I know that “Shake It Off” is an incredibly catchy song because I heard it while shopping for a new laptop two weeks ago, and I found myself humming along before I actually realized that it was Taylor Swift, which removed any bias I might have had about Taylor taking the final leap into full-blown pop territory. I also know that despite the reasonably generic production, it’s still more substantial than a Katy Perry record because at least Taylor’s personalized the lyrics to herself rather than offering up Perry-esque one-size-fits-all platitudes. But I’m still confused about who Taylor Swift is as an artist now.

Is Taylor just bravely making commercial art without boundaries, like some kind of Dolly Parton/Madonna hybrid? Or is she just hell-bent on becoming the biggest pop star on the planet, no matter what the cost? Maybe the truth lies somewhere in the middle? I always felt like Taylor Swift had the potential to become the Stevie Nicks of our generation, and considering that Stevie had many undiluted pop moments throughout her career, the potential is still there. It’s just a little harder to convince myself of it now.

Ultimately I think I like “Shake It Off,” but I also haven’t felt inspired to listen to it unless it’s come up in conversation, or I’ve had to write about it, like now.

Before I truly judge Taylor Swift 2.0, I’m going to need to hear her new album and see where “Shake It Off” fits into all of it. Her poignant country-pop songs and maudlin ballads are what made me a huge fan of hers in the first place, but I’m trying to be open-minded to Taydonna so I don’t become that annoying cynic that missed out on something special. With that said, I will still drag the bitch if 1989 doesn’t deliver.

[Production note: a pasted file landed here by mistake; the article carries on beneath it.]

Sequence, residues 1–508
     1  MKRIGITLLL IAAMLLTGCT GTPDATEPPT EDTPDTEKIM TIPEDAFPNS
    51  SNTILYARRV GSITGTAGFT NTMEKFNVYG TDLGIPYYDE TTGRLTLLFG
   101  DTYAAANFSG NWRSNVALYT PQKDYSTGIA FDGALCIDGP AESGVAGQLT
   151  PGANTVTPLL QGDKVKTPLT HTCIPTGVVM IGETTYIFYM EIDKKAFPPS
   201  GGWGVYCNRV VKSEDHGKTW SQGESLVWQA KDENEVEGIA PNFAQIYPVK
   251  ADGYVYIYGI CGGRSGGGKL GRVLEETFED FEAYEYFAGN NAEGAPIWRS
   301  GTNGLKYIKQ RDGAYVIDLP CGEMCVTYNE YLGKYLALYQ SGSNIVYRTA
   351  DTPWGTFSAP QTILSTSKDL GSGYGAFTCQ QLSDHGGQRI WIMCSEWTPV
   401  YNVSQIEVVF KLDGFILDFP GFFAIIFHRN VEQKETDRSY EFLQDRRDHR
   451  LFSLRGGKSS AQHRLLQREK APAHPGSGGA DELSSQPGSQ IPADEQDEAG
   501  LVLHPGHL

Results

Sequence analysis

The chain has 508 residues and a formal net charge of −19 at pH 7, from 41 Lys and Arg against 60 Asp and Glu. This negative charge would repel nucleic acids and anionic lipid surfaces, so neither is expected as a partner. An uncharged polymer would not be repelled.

This is just a “We Speak No Americano” remix with a big fat Ibiza buildup on the chorus. The iconic LPG already did it three years ago with “Angry,” but OC did a good job too.

I’m an OC fan, and I find nothing wrong with this song, but I haven’t bothered downloading it since it dropped and have zero desire to listen to it — and I fucking LOVE the spot-the-difference ‘Where’s Waldo?’ concept. I’m just gonna chalk this one down to me personally not being in the mood for this kind of thing right now, rather than wrongfully accuse OC of having a lackluster comeback.

But that doesn’t change the fact that: “Lipstick” and “A-ing~” >>>>>>>>>>>>>>>>>>> “My Flopycat.”

This is another song that I like but haven’t downloaded and probably won’t bother listening to again until it resurfaces on an EXID mini-album or something (currently it’s just a digital single).

It sounds like 2NE1 song to the point that you can specifically imagine which 2NE1 member would sing which part as you’re listening to it, but if it were a 2NE1 song, it’d be one of their better offerings.

LE slays. The concept slays. The choreography slays. But I’m still not gonna download it. Blame that on the shout-y Park Bom-y chorus, which just isn’t doing it for me.